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So I asked the Vatican about global warming... Special Report Comments

Recently, I wrote an article for Catholic Online about global warming. The comments from so many readers, obviously intelligent, gave me pause and I took it upon myself to conduct further research, specifically into the Church's teachings on the subject. I pledged in advance to accept what I would discover, no matter what my personal opinions were, after all, I am Catholic and I have faith in my Church. Surprisingly, I soon found the Church has ... Continue Reading

21 - 30 of 35 Comments

  1. Chris
    2 years ago

    Don't forget what pope John Paul II said in his world day of peace message in 1990 concerning climate change. He spoke of stewardship of our environment as a world peace issue way back then.

  2. JD
    2 years ago

    "that between 2002 and 2010, conservative billionaires donated almost $120 million to more than 100 anti-climate change groups". Why don't you look into how much money was given to the climate-change/global warming crowd. My hunch is that $120 million is mere pocket change compared to them.
    i admit that i somewhat bought into the global warming issue originally, but when they said the science was settled and the debate was over, i became very skeptical at that point. when does anyone in science, researching a topic that is supposedly as important as this, just close up the doors and say "we're done. nothing more to look into here."? and so many of the claims that were presented to scare us into believing it have since been proven false. so much so, they had to really come up with a new name for it - they went from calling it global warming to climate change, because the earth has really stopped warming, or at least levelled off, despite their claims of rapidly continuous trend of rising temps. so maybe now you will understand why there are so many that are skeptical of this so called 'science'. and remember, this is not church doctrine, so we aren't required as Catholics to believe this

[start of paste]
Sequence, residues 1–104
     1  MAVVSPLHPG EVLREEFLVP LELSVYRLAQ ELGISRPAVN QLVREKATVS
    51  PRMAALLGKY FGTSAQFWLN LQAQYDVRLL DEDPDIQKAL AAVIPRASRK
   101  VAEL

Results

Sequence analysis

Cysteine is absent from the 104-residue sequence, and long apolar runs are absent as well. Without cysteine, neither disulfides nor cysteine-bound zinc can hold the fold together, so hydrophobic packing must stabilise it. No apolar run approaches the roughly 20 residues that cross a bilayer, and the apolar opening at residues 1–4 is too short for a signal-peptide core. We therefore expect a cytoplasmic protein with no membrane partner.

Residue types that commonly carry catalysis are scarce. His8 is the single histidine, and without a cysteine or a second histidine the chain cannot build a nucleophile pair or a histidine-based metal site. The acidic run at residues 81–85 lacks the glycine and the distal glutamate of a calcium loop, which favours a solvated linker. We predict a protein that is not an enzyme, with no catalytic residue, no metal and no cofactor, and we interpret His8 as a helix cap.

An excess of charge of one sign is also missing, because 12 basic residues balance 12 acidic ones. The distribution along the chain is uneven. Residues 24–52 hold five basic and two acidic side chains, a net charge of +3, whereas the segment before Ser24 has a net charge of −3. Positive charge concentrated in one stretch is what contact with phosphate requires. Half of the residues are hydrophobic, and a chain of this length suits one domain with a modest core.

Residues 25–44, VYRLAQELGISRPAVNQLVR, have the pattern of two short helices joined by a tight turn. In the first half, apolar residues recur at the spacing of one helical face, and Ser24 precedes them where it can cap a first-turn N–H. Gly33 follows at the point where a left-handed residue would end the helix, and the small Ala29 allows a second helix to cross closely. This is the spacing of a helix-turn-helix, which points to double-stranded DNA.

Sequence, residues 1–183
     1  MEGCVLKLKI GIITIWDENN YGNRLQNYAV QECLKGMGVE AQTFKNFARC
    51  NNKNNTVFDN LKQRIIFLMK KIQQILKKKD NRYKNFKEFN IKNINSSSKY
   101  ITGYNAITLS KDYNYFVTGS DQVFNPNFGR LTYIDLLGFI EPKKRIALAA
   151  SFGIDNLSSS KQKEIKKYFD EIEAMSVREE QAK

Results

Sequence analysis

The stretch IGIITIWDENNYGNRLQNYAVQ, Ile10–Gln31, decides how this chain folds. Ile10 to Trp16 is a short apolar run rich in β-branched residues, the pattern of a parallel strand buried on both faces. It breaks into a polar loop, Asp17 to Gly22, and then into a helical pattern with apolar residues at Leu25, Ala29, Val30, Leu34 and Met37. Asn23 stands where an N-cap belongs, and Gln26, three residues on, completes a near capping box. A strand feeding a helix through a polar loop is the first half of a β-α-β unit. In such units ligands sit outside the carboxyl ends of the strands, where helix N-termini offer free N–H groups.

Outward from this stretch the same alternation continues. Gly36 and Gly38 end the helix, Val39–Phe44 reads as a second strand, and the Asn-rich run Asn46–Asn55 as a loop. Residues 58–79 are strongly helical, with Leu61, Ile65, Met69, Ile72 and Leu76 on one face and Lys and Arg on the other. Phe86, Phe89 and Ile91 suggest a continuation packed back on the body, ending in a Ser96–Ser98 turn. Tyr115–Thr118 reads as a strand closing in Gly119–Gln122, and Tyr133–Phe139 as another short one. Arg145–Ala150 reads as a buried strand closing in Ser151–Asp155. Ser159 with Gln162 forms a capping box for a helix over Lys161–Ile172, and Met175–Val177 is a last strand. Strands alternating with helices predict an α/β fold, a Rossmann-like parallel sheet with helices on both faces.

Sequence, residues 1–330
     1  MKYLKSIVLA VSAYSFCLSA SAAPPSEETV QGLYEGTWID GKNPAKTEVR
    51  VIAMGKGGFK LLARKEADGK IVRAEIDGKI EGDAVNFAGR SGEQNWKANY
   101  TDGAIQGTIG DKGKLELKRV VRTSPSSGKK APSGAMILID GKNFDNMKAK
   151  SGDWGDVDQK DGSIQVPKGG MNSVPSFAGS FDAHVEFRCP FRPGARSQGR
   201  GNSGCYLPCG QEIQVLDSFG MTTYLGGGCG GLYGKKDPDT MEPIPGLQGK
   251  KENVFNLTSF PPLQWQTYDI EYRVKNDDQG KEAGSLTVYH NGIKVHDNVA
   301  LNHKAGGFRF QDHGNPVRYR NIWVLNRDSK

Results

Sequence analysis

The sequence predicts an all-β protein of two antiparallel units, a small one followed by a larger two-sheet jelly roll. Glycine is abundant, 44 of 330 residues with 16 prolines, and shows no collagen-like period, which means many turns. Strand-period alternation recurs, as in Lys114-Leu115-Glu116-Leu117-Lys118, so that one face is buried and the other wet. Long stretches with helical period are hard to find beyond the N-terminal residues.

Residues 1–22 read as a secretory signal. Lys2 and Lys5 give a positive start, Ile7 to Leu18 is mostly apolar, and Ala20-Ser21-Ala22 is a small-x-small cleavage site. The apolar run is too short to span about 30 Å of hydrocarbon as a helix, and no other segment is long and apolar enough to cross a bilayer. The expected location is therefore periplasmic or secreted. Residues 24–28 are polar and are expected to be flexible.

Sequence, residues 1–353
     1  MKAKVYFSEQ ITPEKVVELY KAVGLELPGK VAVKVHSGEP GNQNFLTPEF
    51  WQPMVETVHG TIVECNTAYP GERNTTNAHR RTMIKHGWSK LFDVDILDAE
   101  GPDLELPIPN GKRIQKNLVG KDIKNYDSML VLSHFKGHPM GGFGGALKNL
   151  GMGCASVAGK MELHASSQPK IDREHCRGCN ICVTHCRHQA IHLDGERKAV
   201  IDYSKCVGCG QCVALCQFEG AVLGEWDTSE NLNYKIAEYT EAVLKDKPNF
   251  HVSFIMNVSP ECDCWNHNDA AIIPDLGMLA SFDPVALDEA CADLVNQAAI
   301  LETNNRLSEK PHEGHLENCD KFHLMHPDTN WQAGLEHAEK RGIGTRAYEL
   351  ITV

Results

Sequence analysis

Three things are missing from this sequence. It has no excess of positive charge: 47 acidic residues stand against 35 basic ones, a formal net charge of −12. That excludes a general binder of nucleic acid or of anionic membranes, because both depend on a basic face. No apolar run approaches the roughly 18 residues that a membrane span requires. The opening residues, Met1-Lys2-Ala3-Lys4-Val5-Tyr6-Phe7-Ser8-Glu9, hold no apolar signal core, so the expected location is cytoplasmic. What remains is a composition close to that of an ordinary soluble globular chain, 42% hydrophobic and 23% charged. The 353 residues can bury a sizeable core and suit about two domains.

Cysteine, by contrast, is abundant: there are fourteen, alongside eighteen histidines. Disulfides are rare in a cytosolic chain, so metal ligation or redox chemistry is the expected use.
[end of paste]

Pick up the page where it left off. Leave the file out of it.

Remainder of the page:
3. Jay Alt
    2 years ago

    Those pointing out the Church isn't an arbiter of science or the Bible doesn't mention modern problems are missing the mark. They should study the statement of the US Conference of Bishops, 2001. It is relevant today. Prayerful reflection on it can lead to a faithful Christian response to these problems.

    Global Climate Change A Plea For Dialogue Prudence And The Common Good

    In the meantime the scientific certainty has grown greatly. Today the conclusion of the IPCC that most of the warming of the 20th Century is human related is considered unequivocal in scientific circles. Sadly, the same type of industry-led campaign that delayed US response to the cancer / smoking link has done the same to global warming. Same media techniques. Some of the same people are spreading misinformation, For example- Fox News 'science' correspondent Steve Milloy was formerly employed by the Tobacco Institute.

  4. David H Delaney, PhD
    2 years ago